Sunday 20 September, 2020

Women in science: Wildlife whisperer, Hukaymah Ali

Photo courtesy Hukayma Ali/Facebook

Photo courtesy Hukayma Ali/Facebook

During the current novel coronavirus (COVID-19) pandemic, the work of wildlife rehabilitators like Hukaymah Ali continues to be important, as the boundaries between home and nature overlap. 

Government has urged the population to stay at home in an effort to combat the spread of the novel coronavirus (COVID-19), however, Ali, a volunteer with the El Socorro Centre for Wildlife Conservation, continues to do what she can to spread awareness about the importance of wildlife conservation.

In an interview with Loop News, Ali said she has always had a love for animals and the environment from a young age.

“I started from when I was small, being interested in animals and then I began watching a lot of animal documentaries and Steve Irwin (famous Australian conservationist), and that’s when everything sparked.”

Ali said she began volunteering with the Centre and was hooked.

“When I got a bit older I started to volunteer with a local veterinarian but I always wanted to more. I began volunteering at the ESCWC, and later completed my training in Florida as a certified wildlife rehabilitator."

Ali works with the Centre to do educational sessions, displays and other programmes to educate the public about Trinidad and Tobago’s local wildlife.

The Centre recently launched an online wildlife video series to educate children who are unable to visit the Centre during the stay-at-home regulations.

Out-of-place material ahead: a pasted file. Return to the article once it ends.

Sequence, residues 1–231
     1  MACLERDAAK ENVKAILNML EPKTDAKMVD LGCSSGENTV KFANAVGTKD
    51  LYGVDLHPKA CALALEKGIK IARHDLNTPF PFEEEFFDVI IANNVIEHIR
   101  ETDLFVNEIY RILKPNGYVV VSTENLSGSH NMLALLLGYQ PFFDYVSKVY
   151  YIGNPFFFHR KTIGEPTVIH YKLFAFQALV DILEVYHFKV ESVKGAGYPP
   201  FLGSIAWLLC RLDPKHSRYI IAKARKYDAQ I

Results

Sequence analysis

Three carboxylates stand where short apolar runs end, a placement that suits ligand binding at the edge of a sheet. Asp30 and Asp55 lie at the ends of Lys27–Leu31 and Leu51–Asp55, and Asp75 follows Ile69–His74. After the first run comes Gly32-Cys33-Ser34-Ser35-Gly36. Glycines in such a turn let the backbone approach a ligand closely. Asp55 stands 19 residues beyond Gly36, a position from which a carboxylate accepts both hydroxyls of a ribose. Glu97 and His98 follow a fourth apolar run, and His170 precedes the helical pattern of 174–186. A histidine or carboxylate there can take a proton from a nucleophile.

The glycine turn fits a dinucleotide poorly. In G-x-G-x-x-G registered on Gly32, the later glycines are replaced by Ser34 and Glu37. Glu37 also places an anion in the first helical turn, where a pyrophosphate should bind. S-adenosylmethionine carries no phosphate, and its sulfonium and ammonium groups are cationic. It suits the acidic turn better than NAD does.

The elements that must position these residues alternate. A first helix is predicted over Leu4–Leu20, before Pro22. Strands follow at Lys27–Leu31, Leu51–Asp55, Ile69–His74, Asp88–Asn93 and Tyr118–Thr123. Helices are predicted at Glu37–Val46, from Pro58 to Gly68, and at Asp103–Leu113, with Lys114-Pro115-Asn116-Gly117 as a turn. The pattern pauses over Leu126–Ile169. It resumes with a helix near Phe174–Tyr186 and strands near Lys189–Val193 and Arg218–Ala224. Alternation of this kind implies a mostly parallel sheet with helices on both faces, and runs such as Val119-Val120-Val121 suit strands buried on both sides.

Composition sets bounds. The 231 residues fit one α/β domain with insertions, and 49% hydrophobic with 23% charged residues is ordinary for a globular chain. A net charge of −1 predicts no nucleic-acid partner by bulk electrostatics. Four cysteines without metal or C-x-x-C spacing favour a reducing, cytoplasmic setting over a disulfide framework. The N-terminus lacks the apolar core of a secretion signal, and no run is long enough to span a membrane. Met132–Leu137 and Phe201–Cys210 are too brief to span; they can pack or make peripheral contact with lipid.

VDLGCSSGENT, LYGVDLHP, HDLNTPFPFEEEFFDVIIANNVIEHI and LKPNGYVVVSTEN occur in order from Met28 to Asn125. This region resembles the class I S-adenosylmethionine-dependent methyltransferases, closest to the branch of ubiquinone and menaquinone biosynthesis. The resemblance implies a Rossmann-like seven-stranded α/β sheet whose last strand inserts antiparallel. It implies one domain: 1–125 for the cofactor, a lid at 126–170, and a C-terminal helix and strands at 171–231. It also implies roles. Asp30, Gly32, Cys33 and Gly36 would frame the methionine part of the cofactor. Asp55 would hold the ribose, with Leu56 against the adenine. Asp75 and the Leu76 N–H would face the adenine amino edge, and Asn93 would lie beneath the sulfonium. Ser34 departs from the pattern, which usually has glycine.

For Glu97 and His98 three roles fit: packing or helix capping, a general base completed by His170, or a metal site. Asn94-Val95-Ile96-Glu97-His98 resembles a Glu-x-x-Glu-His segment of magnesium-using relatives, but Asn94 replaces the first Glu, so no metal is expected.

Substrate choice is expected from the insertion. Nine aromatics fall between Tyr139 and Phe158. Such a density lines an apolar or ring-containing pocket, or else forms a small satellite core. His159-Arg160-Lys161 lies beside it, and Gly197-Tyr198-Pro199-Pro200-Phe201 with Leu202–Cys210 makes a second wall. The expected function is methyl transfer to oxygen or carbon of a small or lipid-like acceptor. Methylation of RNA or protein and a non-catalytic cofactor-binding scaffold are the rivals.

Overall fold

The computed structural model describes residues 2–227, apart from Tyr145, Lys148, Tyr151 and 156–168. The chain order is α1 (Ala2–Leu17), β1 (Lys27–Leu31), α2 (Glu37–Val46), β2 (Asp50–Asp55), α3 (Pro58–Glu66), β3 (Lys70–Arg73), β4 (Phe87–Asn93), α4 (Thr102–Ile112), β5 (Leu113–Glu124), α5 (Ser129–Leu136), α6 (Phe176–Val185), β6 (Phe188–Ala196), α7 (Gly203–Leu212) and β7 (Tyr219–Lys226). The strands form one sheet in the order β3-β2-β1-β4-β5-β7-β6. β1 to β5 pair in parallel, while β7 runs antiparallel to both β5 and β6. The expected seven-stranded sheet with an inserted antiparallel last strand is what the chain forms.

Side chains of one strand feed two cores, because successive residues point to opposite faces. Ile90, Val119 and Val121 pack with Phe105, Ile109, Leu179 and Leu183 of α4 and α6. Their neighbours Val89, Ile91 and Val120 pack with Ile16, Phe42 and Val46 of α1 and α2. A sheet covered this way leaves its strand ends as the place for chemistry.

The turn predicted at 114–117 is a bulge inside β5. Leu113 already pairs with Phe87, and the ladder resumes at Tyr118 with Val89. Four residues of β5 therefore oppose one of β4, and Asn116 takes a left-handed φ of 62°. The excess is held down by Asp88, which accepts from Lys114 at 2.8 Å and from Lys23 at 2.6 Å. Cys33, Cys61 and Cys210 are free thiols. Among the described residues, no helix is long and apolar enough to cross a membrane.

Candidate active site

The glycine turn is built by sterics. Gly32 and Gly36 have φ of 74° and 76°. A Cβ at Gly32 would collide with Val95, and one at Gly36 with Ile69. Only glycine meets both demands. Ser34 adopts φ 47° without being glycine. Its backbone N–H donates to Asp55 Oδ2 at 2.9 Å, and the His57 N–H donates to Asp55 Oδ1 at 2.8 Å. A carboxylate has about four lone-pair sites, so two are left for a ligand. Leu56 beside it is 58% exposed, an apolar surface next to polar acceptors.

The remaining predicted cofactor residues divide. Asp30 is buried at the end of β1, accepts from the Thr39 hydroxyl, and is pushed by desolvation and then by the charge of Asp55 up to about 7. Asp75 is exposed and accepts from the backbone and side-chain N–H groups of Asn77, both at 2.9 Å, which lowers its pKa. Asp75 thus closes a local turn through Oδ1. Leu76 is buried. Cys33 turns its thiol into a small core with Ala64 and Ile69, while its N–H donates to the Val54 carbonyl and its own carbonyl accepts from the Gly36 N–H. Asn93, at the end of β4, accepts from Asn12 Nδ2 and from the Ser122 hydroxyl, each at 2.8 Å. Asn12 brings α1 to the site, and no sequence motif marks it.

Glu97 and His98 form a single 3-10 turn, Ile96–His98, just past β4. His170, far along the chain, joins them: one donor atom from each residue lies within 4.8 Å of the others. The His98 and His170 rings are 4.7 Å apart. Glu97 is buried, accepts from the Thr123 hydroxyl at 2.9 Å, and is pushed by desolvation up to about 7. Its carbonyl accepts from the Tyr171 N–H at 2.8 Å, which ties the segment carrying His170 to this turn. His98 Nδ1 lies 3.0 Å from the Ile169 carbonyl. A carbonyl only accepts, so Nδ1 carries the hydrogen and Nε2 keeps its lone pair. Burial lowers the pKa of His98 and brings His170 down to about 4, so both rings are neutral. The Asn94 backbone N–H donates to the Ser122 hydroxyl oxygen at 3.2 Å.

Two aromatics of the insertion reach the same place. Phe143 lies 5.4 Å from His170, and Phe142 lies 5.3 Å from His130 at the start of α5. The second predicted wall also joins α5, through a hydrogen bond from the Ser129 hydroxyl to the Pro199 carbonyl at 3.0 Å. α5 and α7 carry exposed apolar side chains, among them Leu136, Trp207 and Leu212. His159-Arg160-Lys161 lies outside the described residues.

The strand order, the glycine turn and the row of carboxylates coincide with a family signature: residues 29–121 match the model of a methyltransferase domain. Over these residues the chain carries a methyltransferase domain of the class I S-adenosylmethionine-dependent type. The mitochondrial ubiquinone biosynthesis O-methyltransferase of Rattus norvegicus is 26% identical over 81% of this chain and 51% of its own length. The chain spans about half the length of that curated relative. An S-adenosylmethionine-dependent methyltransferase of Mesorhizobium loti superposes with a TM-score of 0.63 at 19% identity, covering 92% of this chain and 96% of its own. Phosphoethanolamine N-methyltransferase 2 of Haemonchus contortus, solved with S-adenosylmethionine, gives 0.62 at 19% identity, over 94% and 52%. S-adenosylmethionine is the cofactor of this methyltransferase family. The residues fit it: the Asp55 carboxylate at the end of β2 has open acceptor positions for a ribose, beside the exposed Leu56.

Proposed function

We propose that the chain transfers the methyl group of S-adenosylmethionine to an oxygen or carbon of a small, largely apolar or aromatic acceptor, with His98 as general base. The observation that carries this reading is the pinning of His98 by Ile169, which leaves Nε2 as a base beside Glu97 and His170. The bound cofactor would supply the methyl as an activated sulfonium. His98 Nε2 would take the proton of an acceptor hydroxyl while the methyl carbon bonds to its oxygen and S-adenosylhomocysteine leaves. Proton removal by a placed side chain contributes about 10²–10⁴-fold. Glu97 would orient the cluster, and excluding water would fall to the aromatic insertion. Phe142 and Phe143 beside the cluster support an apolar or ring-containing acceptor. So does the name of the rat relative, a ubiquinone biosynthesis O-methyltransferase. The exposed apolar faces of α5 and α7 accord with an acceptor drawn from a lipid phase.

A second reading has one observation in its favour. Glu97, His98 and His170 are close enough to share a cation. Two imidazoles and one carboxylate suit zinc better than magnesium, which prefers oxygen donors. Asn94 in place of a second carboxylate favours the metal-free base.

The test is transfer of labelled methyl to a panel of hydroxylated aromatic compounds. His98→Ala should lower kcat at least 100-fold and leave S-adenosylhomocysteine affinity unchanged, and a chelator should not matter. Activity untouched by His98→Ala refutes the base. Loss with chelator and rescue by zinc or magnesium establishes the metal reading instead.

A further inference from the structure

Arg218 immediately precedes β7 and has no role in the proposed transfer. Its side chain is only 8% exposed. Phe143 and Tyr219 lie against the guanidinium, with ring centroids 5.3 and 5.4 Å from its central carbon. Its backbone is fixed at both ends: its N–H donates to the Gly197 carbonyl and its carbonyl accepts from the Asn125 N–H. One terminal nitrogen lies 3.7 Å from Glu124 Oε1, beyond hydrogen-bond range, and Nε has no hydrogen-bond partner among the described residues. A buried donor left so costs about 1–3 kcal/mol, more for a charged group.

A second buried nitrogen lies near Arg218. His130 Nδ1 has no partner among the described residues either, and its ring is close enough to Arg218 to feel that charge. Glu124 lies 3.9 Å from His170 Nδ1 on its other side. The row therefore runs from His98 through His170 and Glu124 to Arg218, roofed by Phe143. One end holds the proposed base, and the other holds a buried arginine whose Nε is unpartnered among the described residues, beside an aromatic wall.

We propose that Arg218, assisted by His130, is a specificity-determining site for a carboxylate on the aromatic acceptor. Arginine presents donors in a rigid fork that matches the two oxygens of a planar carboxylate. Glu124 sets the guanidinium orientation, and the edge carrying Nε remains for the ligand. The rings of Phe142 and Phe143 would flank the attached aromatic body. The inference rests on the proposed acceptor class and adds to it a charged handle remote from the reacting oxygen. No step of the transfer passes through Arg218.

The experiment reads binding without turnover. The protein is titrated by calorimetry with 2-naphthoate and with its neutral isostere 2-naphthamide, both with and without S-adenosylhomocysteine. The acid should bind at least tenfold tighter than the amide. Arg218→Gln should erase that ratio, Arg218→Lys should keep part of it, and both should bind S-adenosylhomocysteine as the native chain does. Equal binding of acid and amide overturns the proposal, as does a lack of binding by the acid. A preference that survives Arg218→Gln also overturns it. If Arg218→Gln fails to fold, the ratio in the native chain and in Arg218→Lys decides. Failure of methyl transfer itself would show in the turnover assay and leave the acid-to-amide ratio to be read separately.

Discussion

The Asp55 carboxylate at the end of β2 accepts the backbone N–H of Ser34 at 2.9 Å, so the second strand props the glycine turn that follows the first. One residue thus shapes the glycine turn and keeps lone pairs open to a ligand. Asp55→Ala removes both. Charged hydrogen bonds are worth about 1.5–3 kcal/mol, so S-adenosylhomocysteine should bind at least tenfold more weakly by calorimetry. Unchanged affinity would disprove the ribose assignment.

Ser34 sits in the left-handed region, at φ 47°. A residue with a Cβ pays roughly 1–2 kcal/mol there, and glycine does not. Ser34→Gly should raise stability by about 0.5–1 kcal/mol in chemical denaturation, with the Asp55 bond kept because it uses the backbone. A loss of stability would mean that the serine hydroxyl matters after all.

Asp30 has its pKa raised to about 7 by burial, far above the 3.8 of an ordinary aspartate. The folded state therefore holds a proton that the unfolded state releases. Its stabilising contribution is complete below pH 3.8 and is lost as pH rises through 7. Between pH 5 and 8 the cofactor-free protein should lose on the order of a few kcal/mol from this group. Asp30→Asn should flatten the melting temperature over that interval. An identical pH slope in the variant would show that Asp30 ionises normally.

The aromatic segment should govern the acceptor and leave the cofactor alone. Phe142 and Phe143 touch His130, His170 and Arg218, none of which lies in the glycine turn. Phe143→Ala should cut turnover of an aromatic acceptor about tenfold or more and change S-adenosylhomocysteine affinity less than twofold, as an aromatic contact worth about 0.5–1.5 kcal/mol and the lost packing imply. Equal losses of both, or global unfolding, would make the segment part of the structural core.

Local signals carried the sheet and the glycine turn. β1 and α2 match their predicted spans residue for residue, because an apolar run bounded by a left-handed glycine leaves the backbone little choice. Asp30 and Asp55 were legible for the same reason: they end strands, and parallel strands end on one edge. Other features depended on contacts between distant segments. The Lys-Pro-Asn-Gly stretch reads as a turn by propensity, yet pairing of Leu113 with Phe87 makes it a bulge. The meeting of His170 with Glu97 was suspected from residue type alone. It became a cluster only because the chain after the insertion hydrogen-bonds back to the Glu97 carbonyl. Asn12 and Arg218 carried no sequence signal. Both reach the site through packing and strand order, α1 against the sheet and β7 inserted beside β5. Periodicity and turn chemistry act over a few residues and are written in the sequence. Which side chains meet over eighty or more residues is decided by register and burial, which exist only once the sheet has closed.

(Photo: Ali with students during an educational session in 2018. Photo courtesy Hukaymah Ali/Facebook.)

A passion for wildlife

Ali also rehabilitates animals which she says is pretty much a full-time job. 

Often, animals are injured by poachers or captured to be kept as pets. Sometimes, the results are heartbreaking, but she continues in the hope that they will survive.

For Ali, the hope that animal will recover and resume its normal life in the wild is what motivates her to keep trying.

“Sometimes you might get a patient and they don’t make it, but sometimes you get a patient that might make it. You try your best but you don’t expect much…and then they make a full recovery; that’s the best feeling ever.”

“That’s why you have to keep trying. You can’t let that get to you, you have to have faith.”

(Photo courtesy Hukaymah Ali/Facebook.)